PICTURES study to create new platform to help tackle major health issues

A £4.4 million project led by the University of Dundee aims to turn a database of millions of clinical images into a powerful research tool to help tackle health conditions including lung cancer and dementia.

Each year millions of clinical images such as X-rays, CT, MRI, ultrasound, nuclear medicine and retinal images are generated in the NHS in Scotland and stored in the national imaging database. While such images contain important clinical information they also contain a great deal of potential information about the health of the individual which is currently not made use of in health care.

The PICTURES project led by Dundee in conjunction with the University of Edinburgh, Abertay University and NHS Scotland, will make use of the approximately 30 million images collected since 2006 and use Artificial Intelligence (AI) to search for such ‘warning signs’ in the images which predict the development of diseases. This will allow doctors in the future to make use of this information in routine care, greatly enhancing the clinical utility of routine scans.

The project has been funded by the Medical Research Council (MRC), Engineering and Physical Sciences Research Council (ESPRC) and industry partners to develop the technology that will unlock the huge additional potential of these images.

Dr Emily Jefferson, Director of the Health Informatics Centre at Dundee, said, “Clinical images are now core diagnostic technologies. These images can support many important areas of research to improve any or all diagnosis, monitoring of disease progression and response to treatment.

“Access to the vast bank of ‘real world’ images can offer a huge boost to research into major diseases and conditions, and that is what we are looking to develop through the PICTURES study, initially using lung cancer and dementia as exemplar projects.”

The project has three main elements. The core project will research and develop the underlying technologies, allowing researchers to work on vast amounts of data in a secure environment and protect individual patient information. This technology will support two medical exemplar projects, which will prove and showcase the capabilities of the research database.

The first project will develop a method to detect warning signs of coronary artery disease and lung cancer using AI to check patients’ CT chest scans. This project will work in partnership with international experts from an industry partner, Aidence, to convert the research into a clinical tool which can be used to support doctors on the front line in the NHS.

The second project will use AI methods to predict individual patient risk of future dementia using MRI brain scans, genetic data and medical records. The predictive tool will be validated on the large image dataset provided by the core programme.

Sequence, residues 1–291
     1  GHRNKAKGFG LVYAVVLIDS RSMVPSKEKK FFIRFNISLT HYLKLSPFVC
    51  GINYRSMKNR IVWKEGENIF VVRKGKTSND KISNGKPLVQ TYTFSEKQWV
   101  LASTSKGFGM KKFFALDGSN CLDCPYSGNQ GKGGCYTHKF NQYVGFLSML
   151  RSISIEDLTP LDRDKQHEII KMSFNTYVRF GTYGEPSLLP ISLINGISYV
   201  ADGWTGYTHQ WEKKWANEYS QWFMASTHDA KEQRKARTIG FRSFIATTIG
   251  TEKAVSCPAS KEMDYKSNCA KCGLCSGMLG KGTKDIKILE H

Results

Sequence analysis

Professor Edwin Van Beek of the University of Edinburgh said, “It is very exciting to be able to develop AI tools to enhance the diagnostic potential of CT scans in the chest and MRI scans of the brain, which currently don’t routinely assess cardiac or dementia risk in these patients. By having these tools provide information to clinicians, earlier treatment and management changes will improve health outcomes in the future.”

Access to these NHS images will be extremely valuable for applied health care research, and the PICTURES project will break new ground in a number of areas. Above all, it will develop cybersecurity and privacy tools to guarantee patient confidentiality. Researchers may access the data they need, but will never be aware of personal details of the patients being studied.

The sheer size of these imaging datasets is technically challenging so PICTURES will research and develop systems which can scale up to handle ever-growing datasets. The project will allow researchers to search for sample data which exactly matches the problem they wish to study.

Using the foundation blocks already in place from previous research, PICTURES will provide anonymised extracts of hundreds of thousands of images for research. The project will also develop this software to query imaging data linked to genomic data securely hosted at Dundee. Ultimately, this will position Scotland in a globally leading position in these fields of medical research, as well as creating technical tools which other researchers may adopt and use world-wide.

The project will also work within the new HDR UK initiative to unite health data from across the whole UK to make discoveries that improve people’s lives.